While redoing our landscape, we ripped out a nonfunctional gas lamp because it had rotted at the base.
We weren’t sure whether we want to restore the gas lamp or convert to an electric lamp.
I like how gas lamps look. They look far better than the typical electric-conversion gas lamp.
Gaslite America West’s Gaslight Specifications say that a 2 mantle gas lamp consumes about 1.5 MCF (thousands of cubic feet) of natural gas per month. I checked with someone who recently installed a gas lamp. Comparing his Sept. 2005 gas consumption to Sept. 2004, 1.5 MCF appears reasonable.
Coincidentally, my most recent gas bill is for 1.5 MCF. Using an average of Department of Energy-calculated annual natural gas prices over the prior 6 years (1999-2004, link), and adding on the taxes and surcharges in the Dallas, TX area, natural gas is about $10 per MCF. This means that a gas lamp costs about $15 per month to operate.
Gaslite America West and other sites say that a 2 mantle gas lamp generates the same light output as a 100 watt incandescent light bulb or a 25 watt compact fluorescent bulb.
Calculated from a DOE spreadsheet (link), 1998-2003 US electricity prices averaged $0.0841 per kWh. A 100 watt bulb consumes 0.1 kWh per hour. If I ran this light 12 hours per day, 30 days per month, that would be 36 kWh per month. 36 kWh per month is about $3.00, tax included. If I ran the 25 watt compact fluorescent watt bulb, that would be a measly $0.75 per month.
Note that the prices I quoted above are average. Energy prices are currently high, although natural gas’s current percentage increase far more than electricity, even if you factor in upcoming 24% electricity price hikes.
According to a post at Google Groups, there is a device that can throttle down gas lamps during the day. I have not found any other reference to such a device. Even if it was for sale, a best case scenario may be around a 25% consumption reduction. (You can’t totally shut it off.) Even at that consumption level, the gas lamp would still almost 4 times as expensive as the 100W incandescent or about 15 times more expensive than the 25W CF.
Conclusion? It’s expensive to run a gas lamp. You’re looking at around $180 per year just for a 2 mantle gas light. Is that worth it? Probably not for me.
9 thoughts on “Gas Lamps are Expensive”
I’ve wondered, though, if an indoor gas lamp may not be a good deal during the winter when you are paying for heat anyways. This would seem especially true if you’re trying to use solar power, since during the winter your lighting needs are greater, but you receive less sunlight. During the summer, when sulight is plentiful and extra heat is a curse rather than a blessing, switch to electric lighting.
Indoor gas lamp??
I bought a beautiful brass Aladdin kerosene lamp a few years ago that is as nice as a gas lamp. It’s portable, and provides a lot of heat and light when used indoors in the winter. I sometimes place it at the center of my round picnic table for evening barbechews outdoor. Aladdin lamps have a hollow round wick with a delicate, incandescent, ash mantle above the wick, sort of like a combination of the old time kerosene lamp and the Coleman camping lantern. It makes a lot more light than the old flat wick type kerosene lamps. It makes enough heat to warm a small room in the winter. I believe it’s rated at 3,000 BTU/hour if I remember correctly. It makes more light than a 25 watt incandescent bulb; but probably less than a 40 watt bulb. You can put the lamp anywhere you want though because it has no power cord… or gas pipe for that matter.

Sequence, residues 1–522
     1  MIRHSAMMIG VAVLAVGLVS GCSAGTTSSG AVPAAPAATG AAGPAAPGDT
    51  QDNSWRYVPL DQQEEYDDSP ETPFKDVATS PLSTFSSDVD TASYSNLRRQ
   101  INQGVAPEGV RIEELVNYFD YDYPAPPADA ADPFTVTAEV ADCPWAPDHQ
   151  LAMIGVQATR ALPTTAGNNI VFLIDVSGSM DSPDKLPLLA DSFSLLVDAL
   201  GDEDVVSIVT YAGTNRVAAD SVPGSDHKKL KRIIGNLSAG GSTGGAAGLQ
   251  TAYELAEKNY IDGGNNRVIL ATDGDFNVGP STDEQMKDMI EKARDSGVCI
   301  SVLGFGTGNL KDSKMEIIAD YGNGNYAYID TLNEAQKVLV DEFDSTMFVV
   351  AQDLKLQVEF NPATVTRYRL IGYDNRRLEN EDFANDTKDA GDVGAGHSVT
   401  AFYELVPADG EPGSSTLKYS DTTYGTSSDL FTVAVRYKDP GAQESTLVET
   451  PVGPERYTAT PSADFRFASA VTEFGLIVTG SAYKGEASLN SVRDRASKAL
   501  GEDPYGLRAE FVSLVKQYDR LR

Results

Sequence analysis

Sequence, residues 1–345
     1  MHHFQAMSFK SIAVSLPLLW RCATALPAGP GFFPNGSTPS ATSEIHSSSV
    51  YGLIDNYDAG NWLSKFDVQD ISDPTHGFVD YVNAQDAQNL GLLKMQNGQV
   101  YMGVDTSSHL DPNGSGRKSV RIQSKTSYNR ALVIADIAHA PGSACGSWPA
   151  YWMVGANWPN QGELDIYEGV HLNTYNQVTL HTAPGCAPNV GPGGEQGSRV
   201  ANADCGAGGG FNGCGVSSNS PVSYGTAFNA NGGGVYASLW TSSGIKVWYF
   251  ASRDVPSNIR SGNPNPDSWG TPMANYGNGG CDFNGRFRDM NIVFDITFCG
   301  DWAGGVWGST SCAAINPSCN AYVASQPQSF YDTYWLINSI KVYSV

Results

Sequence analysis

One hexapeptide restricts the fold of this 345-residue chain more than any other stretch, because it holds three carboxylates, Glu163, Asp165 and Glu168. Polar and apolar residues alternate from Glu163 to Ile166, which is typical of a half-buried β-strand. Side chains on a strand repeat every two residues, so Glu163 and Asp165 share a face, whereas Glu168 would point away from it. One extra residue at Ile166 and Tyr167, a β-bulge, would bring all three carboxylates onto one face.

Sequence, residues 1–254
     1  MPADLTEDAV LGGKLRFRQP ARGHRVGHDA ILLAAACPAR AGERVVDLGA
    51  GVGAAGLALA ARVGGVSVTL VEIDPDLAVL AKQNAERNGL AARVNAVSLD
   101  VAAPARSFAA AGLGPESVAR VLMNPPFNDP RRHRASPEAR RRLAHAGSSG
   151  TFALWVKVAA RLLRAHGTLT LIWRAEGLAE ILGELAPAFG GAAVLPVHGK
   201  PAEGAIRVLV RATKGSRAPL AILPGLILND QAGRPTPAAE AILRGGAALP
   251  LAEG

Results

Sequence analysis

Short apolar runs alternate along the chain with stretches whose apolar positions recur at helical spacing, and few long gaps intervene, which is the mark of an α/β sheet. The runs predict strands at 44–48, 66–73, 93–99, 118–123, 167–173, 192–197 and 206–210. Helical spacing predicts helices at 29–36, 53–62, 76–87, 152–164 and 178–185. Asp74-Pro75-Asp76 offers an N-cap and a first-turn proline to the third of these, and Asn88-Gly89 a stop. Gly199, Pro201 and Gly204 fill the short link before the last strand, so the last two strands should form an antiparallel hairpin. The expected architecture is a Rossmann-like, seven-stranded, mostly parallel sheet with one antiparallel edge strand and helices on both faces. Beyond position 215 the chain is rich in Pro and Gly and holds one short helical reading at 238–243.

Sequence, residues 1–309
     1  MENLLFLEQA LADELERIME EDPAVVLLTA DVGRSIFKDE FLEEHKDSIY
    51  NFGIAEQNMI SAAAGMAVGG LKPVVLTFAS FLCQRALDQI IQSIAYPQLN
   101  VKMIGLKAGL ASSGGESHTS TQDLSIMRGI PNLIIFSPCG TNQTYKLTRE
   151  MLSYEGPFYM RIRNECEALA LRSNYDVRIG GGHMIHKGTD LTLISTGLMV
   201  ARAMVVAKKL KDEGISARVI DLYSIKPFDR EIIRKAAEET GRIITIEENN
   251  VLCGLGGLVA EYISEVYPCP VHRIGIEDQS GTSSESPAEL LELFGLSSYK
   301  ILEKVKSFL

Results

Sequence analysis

Never use any portable gas lamp or appliance indoors!
All of them release carbon dioxide. None are safe indoors.
People often get sick or die from leaving lamps on in tents.
Oops, I meant carbon monoxide, of course.
If they’re specifically designed for indoor use, gas lamps can be safe, but with modern more ‘sealed’ dwellings, yes, the dangers of carbon monoxide are made worse (19th century victorian properties, both in the US and elsewhere were far far less well sealed than we’re used to now). With regards to the original article, am I guessing correctly that the lamp burns 24/7 ? That would be unusual in my part of the world (England) where public utility gas lamps, and private ones, for outdoor use, almost always had either a low consumption pilot burner and a valve, manually operated at night, or more usually, required a man to light them at dusk!
I still use gas lighting indoors but only out in our ‘sunroom’ which is better ventilated than the rest of the house, which means it requires heating during winter anyway.
You CAN use gas lamps which are rated for “indoor” use indoors. We use them at my family’s summer home where there is no mains electricity, and they are powered off of LP (Propane) gas. They throw a LOT of heat, and since we are using the house in the summer, you can imagine the conundrum! We use one mounted at ceiling height and it produces about the equivilent of a 60W light bulb. We also use an Alladian Lamp which is not as bright, but even hotter.
I have seen mechanisms in London on the gas lamps there that seem to act as a “striker” or spark to ignite the gas light when the gas is turned on at dusk. You should look into one of these for your outside gas light!
Electricity prices are about thrice that here. No idea what gas costs and anyway they’d quote it in cubic metres and I don’t feel like doing the conversion. But while back-of-the-envelope calculations like this are useful, you can’t really draw general conclusions from them.
Besides, the big gas installations can ignite and extinguish gas lights automatically. A full-off ought to be possible at least in theory. Something to hack up, perhaps.
You can operate them the same way you operate a water heater. When it’s on it tries to light the gas. If it fails to light or is turned off the gas is turned off.